By Maren McReynolds
For many people, summer is the best time to sit by the pool and enjoy a margarita. For hunting enthusiasts, on the other hand, summer is the perfect time to scout the field and prepare for the upcoming hunting season.
Regardless if you are into small game hunting, bird hunting, or rifle mule deer hunting, you are often only as good as the effort and time you invested preparing for your hunt. That said, putting extra effort and time can increase your chances of success.
Preparing for Summer Hunting: Your Quick and Handy Guide
When prepping for summer hunting, keep the following essentials in mind:
Make sure you clean your weapons.
Cleaning your hunting equipment and weapons before and after each hunting season is recommended to ensure reliability and accuracy.
When cleaning your firearms and bows, always look for rust, loose bolts and screws, and other things that might compromise performance.
Get familiar with your gear.
Calibrating distances and practicing your aim are crucial to better shot placement and overall hunting experience. Consider spending more time at the shooting range to get more practice. In the heat of the moment, your muscle memory will take over, and practicing is the best way you can create the right muscle memory.
Organize your equipment.
Don’t blow up a great hunting day by forgetting an important piece of equipment. The summer months are the best time to check your equipment and replenish your hunting supplies. It is also ideal to create a checklist of all the equipment and supplies you need and store them in one place.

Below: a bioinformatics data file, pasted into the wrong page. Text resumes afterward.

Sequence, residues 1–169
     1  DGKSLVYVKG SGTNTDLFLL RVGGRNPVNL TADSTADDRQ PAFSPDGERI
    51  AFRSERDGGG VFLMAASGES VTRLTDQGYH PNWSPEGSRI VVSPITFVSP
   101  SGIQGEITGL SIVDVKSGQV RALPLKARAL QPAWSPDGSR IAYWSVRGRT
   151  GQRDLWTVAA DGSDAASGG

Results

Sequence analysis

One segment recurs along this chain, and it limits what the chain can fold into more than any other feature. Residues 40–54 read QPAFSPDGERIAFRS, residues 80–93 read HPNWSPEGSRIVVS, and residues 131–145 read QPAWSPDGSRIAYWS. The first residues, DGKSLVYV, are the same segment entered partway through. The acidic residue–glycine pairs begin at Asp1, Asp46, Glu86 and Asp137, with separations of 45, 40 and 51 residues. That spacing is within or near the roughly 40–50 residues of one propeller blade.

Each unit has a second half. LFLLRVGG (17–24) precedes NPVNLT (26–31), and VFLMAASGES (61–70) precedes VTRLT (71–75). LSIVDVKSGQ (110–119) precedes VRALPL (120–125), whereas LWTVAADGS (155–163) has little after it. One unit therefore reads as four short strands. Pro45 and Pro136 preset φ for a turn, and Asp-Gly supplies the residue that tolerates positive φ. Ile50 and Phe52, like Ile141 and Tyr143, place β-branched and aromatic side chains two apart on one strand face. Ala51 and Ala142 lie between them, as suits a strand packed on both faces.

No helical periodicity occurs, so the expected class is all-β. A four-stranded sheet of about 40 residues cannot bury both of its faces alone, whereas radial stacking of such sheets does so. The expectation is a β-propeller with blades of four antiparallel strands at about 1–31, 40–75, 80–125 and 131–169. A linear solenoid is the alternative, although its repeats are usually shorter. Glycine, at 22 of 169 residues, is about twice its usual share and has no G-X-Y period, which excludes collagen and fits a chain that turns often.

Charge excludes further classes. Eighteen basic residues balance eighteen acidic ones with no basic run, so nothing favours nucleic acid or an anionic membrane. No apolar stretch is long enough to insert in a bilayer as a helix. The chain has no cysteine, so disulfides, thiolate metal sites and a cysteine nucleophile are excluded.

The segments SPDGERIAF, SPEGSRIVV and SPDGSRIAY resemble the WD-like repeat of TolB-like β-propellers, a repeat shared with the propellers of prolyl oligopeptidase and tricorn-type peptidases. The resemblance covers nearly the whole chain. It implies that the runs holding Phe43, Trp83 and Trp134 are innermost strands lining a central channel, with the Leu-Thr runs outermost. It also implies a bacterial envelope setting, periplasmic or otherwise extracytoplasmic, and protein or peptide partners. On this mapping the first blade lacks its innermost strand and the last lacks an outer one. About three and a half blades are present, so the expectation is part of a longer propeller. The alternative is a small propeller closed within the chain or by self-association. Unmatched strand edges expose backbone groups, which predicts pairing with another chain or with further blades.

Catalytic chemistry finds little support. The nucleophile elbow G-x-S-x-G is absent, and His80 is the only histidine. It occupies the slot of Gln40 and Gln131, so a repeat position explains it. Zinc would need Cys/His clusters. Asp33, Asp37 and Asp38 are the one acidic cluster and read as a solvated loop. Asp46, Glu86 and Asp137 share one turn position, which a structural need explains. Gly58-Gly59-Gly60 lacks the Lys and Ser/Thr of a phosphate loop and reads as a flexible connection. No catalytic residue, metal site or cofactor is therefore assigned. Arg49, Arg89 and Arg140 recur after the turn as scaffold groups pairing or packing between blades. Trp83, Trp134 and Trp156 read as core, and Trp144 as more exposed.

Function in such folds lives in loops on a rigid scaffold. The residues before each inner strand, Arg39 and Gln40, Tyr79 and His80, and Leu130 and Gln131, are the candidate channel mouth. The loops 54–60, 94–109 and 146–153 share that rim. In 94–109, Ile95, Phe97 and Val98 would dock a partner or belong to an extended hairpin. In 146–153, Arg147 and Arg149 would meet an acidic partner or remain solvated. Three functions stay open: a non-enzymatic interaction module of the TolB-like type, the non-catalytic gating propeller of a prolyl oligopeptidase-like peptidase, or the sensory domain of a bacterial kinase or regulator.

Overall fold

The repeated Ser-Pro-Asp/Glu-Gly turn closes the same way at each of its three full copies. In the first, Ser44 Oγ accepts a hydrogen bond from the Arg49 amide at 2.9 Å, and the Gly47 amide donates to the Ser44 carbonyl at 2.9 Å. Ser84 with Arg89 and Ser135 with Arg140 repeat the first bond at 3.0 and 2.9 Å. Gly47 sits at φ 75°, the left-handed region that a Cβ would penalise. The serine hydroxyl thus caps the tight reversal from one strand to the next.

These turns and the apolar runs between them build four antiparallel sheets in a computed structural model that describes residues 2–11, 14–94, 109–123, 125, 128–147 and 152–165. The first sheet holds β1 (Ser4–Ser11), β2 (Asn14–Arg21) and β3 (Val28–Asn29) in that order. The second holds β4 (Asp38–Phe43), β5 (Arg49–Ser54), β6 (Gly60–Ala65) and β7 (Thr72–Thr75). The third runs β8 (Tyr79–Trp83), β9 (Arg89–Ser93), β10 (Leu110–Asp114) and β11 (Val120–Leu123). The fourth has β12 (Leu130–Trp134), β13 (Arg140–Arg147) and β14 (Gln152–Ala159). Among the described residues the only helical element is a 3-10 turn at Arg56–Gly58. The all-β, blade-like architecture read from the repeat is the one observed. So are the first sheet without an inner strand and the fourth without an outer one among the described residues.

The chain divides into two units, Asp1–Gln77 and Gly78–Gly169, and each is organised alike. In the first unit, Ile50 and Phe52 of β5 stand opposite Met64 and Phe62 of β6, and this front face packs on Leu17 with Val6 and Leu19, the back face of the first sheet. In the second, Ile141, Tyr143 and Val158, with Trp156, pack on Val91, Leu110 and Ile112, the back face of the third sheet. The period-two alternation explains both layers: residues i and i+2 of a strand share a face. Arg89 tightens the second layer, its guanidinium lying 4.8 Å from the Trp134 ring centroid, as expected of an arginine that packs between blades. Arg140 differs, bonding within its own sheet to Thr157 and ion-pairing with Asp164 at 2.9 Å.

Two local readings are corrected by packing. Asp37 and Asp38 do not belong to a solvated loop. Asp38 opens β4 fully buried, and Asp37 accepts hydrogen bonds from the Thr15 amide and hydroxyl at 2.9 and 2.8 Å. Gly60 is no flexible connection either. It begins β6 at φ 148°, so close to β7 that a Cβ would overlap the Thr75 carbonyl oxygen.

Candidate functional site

Make sure you are physically fit.
While hunting is not that demanding physically, getting in shape can make a world of difference. If you are physically fit, you can cover more ground and climb steep hills with more ease. If you are fit physically, you will also have extra stamina and strength to walk long distances.
If you can’t fit regular exercise into your daily schedule, make sure to at least spend time working out and walking a few months before the hunting season starts. While enjoying a lazy summer can seem like an enticing proposition, waiting for a week before hunting season to get in shape is too late.
Scout the location and study your maps.
During the long days of summer, don’t forget to study the maps you will use and scout the location you will be hunting in. Nowadays, there’s no shortage of mapping and GPS apps you can use that are designed especially for hunters. Amazingly, many of the apps can let you access the maps even if you don’t have cell service.
It is also recommended that you visit your prospective hunting area as often as possible. Make sure you also familiarize yourself with the hunting ground and the movement patterns of the animals. Don’t hesitate to do a bit of scouting and talk to other hunters so you can create a game plan and improve your odds of success.
Buy your licenses and brush up on the regulations.